The ill-advised transfer of the Spaniard has not proven to be a solution but the source of a myriad of problems. He’s too expensive to sit on the bench, too ineffectual to lead the line. Sometimes the rational of investing to cut losses doesn’t apply.
In 10 years of Roman Abramovich ownership the Blues are yet to yield a return on investment from the youth academy. FC Barcelona’s financial woes are well documented; the proud Catalan club even has a shirt sponsor these days. Nevertheless, necessity is the mother of invention. Unlike the Blues, Barcelona cannot rely on the generosity of a billionaire to maintain and improve a squad. Sure, the Blaugrana have also been guilty of overspending on certified flops, however, their La Masia academy has continuously produced first-teamers for the last two decades. At Chelsea the most recent graduate to make the grade is probably Ryan Bertrand, the other one is John Terry.
A cohesive long-term strategy would go a long way in avoiding an overreliance on Roman Abramovich’s bank account. AC Milan serves as the perfect example of dependency and the neglect of proper youth development. Once Silvio Berlusconi ceded investments in an ageing squad is the reason the Italian giant fell apart. Buying Oscar and Eden Hazard last summer made sense; together with Juan Mata and David Luiz they can form the new nucleus of Chelsea FC.
But with Financial Fair Play on the horizon, what about the rest? Chelsea’s revenue stream is still no match for FC Barcelona, Real Madrid or Bayern Munich which makes a massive spending spree in the future unlikely. A self-sustaining Chelsea that can constantly compete for the highest honors - let’s just say Financial Fair Play will make it extremely hard to accomplish this goal. Frank Lampard, John Terry and Ashley Cole must be adequately replaced. The question is “How much will it cost?” or “At what cost?”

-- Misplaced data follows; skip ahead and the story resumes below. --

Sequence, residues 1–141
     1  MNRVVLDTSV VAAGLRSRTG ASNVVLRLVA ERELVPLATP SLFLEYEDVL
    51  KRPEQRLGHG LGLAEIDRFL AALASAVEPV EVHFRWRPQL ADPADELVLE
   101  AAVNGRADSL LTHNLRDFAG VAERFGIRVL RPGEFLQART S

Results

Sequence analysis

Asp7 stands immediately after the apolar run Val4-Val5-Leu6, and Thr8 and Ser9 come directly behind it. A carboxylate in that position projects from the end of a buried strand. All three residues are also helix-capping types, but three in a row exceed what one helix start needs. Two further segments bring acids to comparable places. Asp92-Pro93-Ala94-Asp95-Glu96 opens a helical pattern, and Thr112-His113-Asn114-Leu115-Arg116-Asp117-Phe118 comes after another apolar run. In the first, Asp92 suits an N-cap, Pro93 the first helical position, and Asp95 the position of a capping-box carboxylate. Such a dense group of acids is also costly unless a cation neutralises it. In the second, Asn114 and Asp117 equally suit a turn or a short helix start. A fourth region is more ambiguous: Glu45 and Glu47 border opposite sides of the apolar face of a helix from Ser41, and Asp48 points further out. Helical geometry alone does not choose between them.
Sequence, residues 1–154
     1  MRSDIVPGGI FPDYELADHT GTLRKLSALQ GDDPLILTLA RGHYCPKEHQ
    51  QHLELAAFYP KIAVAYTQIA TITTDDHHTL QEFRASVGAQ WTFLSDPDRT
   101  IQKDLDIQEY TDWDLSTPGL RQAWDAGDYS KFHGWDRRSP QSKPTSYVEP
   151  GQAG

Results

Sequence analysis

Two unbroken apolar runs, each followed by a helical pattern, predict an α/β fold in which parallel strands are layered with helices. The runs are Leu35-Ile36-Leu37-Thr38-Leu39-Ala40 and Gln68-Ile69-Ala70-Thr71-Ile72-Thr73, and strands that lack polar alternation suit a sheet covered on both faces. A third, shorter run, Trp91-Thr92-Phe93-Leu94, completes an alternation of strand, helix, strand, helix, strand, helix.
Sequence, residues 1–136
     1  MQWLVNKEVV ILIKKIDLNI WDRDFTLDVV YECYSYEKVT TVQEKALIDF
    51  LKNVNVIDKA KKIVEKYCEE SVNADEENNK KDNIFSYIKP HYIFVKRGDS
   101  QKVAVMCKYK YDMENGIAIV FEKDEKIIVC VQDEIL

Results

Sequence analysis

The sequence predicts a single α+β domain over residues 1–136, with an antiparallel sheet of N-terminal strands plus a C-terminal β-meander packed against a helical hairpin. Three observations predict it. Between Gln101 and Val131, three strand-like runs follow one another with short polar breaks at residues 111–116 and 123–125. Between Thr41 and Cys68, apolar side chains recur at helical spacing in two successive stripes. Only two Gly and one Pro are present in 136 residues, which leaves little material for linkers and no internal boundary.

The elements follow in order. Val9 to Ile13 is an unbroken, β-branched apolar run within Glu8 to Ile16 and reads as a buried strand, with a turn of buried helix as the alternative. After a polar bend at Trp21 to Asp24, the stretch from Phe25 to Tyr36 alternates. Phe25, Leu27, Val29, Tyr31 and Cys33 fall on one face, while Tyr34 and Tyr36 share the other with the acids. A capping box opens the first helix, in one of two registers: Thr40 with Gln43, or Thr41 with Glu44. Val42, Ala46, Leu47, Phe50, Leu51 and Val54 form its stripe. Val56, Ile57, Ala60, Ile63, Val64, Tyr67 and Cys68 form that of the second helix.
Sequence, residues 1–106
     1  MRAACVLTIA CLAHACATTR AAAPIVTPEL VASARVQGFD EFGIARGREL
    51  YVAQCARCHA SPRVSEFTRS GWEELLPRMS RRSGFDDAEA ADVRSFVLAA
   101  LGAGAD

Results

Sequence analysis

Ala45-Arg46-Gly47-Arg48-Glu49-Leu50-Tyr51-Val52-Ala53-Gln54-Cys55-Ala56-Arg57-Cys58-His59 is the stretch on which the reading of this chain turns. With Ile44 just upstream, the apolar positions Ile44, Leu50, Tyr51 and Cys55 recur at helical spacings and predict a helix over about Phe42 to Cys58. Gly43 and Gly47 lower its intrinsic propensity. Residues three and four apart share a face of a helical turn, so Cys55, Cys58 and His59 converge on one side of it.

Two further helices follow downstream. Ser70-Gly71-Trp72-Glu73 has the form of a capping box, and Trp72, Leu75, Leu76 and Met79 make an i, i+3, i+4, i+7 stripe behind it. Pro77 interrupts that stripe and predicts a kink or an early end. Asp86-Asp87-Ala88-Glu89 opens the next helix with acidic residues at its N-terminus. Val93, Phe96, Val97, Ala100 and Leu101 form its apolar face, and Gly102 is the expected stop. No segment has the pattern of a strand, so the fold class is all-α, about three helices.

The other Sugar Daddy club that has embarrassed themselves, Manchester City, is facing similar problems, though the Citizens premature exit from the Champions League can probably be attributed to Roberto Mancini’s ineptitude as a manager. Nevertheless, off the pitch the Sheik Mansour-backed club is taking the necessary steps to ensure the long-term future of the Sky Blues.
The hiring of both ex-Barcelona executives Ferran Soriano as CEO and Txiki Begiristain as Director of Football suggests that City is following the Blaugrana blueprint. The Manchester club has announced the construction of a state of the art youth academy in order to find and nurture future generations of Citizens, akin to Barcelona’s successful La Masia model.
Though Chelsea has already won the UEFA Champions League City appear to be better prepared for the long-term. Unlike Roman Abramovich, the City hierarchy at least gives the impression that they’re not overly infatuated with immediate success the UEFA Champions League.
At any rate, these two English Sugar Daddy clubs have already left their marks on the record books for one reason or the other. Luckily football matches are won the pitch and not the by the size of the bank account.